When recruiting new candidates, one of the biggest concerns of companies is whether the candidate be a cultural fit? So do you really understand what corporate culture is? Let’s find out in this article to have a better understanding of corporate culture.
What is corporate culture?
There exists many concepts of corporate culture such as:
- “Corporate culture is the distinctive quality of an organization, which is perceived and distinguishes it from other organizations in the same field” Gold, K.A.
- “Corporate culture is a composite expression of interdependent values and behaviors that are common in an enterprise and tend to be self-propagating and inherited over a long period of time” Kotter, J.P. & Heskett, J.L
- “Corporate culture is the beliefs, attitudes, and values that are common and relatively stable in an organization” Williams, A., Dobson, P. & Walters, M
Corporate culture exists in the company every day practices, such as words, costumes, gestures between superiors and subordinates, between colleagues, etc. Corporate culture is all intangible and tangible cultural values built during the formation and development of the Enterprise.
Types of corporate cultures
- Authority corporate culture: A business with a leadership-focused corporate culture that supports employee growth and is focused on helping them succeed in their field. They tend to have professional coaching and mentoring programs to help employees develop their skills and create opportunities for advancement (e.g.:internal promotion, job rotation program, tuition reimbursement, …).
- Innovative or accurate corporate culture: Innovative or accurate corporate culture focused on development and innovation. Tech startups are an example of this type of corporate culture. It eliminates the strict communication mold in traditional culture, makes the communication of ideas easy, and accepts individuality and ingenuity from all parts of the company. People with strong creativity often work well in this type of business culture.
- Traditional corporate culture: In a traditional business culture, people often have to adhere to strict rules set by the company, including dress codes, company procedures, and organizational hierarchy. Contrary to the other 2 types of corporate culture, which are somewhat simple, traditional corporate culture is often more formal (for example:
The basic elements that form the corporate culture
Corporate culture is composed of many factors depending on the company, but in general, it will have the following similar characteristics:
Tangible elements in corporate culture:
- Space: Is the location, facilities, layout, decoration of the office, working space, …
- Human: Including age and gender, this also reflects the company’s industry-specific characteristics, for example, technology companies will have more male employees…
- Dress code: Depends on the corporate culture. Companies with a traditional corporate culture will often wear uniforms all week. On the contrary, the remaining 2 types of culture may wear staggered days or only on special company occasions.
- Communication: In fact, many companies use normal communication language according to common standards; others have their own internal conventions. And there are many companies that regulate how to communicate/exchange in languages geared towards Customers, etc.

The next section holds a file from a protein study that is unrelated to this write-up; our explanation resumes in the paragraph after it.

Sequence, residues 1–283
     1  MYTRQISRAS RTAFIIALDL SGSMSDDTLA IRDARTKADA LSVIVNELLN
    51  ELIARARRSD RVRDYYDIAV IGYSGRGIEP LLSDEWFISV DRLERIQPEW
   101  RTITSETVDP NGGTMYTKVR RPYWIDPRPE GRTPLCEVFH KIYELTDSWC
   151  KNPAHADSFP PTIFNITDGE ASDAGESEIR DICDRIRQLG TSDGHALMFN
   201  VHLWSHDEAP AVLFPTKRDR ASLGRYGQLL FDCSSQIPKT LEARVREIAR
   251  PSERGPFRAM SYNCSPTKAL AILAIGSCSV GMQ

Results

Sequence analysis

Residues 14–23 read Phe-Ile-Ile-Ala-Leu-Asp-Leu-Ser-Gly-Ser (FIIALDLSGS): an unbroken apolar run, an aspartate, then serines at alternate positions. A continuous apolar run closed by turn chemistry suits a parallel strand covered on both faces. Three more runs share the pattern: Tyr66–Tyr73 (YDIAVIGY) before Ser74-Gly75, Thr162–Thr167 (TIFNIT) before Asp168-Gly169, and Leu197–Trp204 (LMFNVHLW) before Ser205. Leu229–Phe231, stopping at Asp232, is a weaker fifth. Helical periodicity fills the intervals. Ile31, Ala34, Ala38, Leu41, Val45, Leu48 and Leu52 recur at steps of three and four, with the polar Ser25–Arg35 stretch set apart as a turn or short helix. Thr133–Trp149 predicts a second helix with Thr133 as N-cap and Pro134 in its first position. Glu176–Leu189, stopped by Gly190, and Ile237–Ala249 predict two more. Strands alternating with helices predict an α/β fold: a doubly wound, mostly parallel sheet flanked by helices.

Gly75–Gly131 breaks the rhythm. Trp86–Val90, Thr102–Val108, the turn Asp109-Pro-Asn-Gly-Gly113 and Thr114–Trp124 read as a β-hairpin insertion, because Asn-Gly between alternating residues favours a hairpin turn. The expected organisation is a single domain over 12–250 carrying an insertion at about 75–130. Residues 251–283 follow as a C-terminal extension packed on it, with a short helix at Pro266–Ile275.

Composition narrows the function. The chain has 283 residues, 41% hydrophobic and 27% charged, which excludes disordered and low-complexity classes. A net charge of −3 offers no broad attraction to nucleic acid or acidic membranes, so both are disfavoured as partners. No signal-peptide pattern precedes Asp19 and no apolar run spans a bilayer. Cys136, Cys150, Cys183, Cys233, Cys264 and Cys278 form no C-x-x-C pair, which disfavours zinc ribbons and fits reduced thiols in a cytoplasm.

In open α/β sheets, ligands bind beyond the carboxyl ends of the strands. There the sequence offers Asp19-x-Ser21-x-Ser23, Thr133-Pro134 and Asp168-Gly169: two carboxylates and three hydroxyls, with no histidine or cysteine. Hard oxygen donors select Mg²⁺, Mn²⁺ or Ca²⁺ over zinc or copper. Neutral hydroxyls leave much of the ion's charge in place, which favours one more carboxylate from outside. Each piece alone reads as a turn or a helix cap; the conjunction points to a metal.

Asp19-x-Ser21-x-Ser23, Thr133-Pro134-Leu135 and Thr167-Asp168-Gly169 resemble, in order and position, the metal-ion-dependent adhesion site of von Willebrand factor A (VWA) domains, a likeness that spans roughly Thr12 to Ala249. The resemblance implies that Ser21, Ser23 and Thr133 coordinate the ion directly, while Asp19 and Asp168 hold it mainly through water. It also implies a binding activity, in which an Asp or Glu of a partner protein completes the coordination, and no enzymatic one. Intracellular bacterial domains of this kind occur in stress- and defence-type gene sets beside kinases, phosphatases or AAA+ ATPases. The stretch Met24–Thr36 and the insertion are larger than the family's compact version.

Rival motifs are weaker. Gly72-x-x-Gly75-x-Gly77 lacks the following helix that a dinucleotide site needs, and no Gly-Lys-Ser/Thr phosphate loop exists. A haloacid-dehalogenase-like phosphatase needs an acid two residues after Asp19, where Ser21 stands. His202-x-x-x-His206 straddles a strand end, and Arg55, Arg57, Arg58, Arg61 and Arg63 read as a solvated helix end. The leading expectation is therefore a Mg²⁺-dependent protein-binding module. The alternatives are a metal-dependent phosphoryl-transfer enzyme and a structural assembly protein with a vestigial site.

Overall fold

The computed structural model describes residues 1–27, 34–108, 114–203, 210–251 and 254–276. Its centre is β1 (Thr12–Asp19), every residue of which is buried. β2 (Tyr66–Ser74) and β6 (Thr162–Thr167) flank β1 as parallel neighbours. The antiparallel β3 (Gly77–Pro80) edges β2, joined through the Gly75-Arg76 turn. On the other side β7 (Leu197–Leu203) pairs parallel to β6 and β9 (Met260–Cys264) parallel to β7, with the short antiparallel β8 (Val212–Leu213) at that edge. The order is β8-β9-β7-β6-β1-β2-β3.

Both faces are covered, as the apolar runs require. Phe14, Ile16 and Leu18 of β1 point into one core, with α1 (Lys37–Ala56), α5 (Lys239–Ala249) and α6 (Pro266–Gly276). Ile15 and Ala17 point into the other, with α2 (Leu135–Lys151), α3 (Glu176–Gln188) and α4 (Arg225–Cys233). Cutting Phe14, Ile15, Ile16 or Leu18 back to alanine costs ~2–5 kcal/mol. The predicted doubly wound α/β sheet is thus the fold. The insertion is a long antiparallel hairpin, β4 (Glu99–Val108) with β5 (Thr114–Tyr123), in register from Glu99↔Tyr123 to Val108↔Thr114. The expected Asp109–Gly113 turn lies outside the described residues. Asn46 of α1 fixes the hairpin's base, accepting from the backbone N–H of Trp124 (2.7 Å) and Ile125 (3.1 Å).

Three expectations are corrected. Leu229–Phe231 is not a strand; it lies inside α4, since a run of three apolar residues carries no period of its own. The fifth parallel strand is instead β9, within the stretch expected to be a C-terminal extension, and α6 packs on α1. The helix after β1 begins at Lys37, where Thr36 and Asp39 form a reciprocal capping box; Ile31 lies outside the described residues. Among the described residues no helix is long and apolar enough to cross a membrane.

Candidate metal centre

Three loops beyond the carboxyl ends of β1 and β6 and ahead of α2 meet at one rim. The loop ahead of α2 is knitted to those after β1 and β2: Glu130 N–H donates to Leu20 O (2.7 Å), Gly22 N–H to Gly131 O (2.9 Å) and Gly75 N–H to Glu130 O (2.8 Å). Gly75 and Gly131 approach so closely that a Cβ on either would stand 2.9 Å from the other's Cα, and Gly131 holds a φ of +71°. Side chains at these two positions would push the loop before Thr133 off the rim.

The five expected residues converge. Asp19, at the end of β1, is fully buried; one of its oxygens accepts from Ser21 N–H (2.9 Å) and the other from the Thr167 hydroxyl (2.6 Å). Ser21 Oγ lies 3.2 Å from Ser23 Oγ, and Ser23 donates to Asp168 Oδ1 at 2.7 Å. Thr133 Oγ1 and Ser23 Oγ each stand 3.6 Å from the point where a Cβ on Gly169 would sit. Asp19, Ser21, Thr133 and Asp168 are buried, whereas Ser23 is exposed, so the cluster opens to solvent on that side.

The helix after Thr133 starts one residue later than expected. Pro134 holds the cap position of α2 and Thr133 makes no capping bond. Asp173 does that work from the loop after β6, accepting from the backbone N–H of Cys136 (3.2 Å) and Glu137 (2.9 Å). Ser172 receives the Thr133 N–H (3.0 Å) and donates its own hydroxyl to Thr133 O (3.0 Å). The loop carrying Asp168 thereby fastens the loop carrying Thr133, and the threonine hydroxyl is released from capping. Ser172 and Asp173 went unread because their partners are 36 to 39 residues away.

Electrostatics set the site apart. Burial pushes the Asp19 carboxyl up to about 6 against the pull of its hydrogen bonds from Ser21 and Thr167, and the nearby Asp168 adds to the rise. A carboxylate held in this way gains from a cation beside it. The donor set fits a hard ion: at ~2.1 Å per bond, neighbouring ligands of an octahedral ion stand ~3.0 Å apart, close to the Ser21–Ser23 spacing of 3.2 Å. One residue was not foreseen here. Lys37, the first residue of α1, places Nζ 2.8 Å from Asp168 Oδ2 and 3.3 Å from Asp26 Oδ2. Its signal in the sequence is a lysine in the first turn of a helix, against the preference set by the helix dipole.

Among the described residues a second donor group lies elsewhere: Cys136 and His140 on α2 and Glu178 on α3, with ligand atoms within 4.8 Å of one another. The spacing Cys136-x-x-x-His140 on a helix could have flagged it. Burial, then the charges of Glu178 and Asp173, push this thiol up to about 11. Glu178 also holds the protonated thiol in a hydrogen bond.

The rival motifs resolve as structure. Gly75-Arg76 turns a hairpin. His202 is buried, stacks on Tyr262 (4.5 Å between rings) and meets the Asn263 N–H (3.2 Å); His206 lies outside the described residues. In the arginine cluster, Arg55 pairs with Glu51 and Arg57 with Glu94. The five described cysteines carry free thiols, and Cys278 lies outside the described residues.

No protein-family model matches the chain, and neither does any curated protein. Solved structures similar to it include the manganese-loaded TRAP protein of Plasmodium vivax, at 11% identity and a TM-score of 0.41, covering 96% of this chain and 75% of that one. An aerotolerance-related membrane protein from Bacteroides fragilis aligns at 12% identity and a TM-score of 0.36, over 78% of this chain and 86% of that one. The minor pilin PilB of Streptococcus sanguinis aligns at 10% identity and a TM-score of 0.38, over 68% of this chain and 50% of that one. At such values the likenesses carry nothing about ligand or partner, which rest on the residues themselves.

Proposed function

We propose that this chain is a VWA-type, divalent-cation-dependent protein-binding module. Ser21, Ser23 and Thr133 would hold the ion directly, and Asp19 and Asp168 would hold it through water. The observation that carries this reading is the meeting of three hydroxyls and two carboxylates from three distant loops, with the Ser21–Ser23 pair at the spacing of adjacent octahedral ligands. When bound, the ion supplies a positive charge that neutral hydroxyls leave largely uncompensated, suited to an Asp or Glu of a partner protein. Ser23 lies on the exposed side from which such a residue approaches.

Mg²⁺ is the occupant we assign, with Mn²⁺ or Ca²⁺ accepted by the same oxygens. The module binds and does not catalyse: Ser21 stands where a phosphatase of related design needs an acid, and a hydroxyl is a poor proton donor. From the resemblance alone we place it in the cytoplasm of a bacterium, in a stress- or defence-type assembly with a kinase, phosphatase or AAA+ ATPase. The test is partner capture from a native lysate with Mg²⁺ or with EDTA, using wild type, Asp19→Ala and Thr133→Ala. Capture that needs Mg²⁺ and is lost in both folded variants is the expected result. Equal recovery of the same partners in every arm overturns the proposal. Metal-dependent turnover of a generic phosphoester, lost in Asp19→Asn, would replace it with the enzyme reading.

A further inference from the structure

Intangible elements in corporate culture:
- History and traditions that shape the organization: These are stories, memories and important milestones that each member who has been working at the company remembers, is proud of and wishes to build and connect with. It can be the story of overcoming adversity, overcoming difficulties or being honored, achieving achievements of collectives/individuals in the business…
- Core values: These are the common values that businesses aim to build. These values are often built on the personality and interests of the head of the business. There are 3 key foundations for every business to think about when building its core values (besides its vision/mission), which are: Internal HR, Partners/Customers and Social Community.
- Work environment: Is the atmosphere, is the spirit that each employee feels when coming to the office. For example, there are young and dynamic working environments, but there are also environments that promote privacy and require high precision work.
- Policies and regime: This section builds on the size and finances of the company. We have a salary/bonus policy, a welfare/remuneration policy, etc. When the company is in the start-up stage with a number of employees under 10 people, this part is often not focused on building in a systematic manner, most of it will be spontaneous and “seasonal”, not long-lasting…
If the company has abundant budget conditions: Build good welfare policies for employees, think about organizing large-scale events and activities to connect and show gratitude to the families of senior employees. Think about setting up a reserve for emergencies.
The company has a small scale and limited budget: Build movements and activities to help each other progress (learning, sharing experiences, consulting), paying attention to the thoughts, feelings and circumstances of each staff member for support though small but timely.
Building corporate culture is a process that is not the sole job of the Leaders, Managers or individuals. That is the job of the entire company workforce. Therefore, in order for the entire workforce to work together and build a corporate culture, we need to train, communicate, and clearly explain to our team what corporate culture is. Why Build Corporate Culture? The role of each employee in the process of building corporate culture… From there, we can create a common ground of knowledge and understanding to help the entire company work towards a common goal and implement the tasks synchronously.
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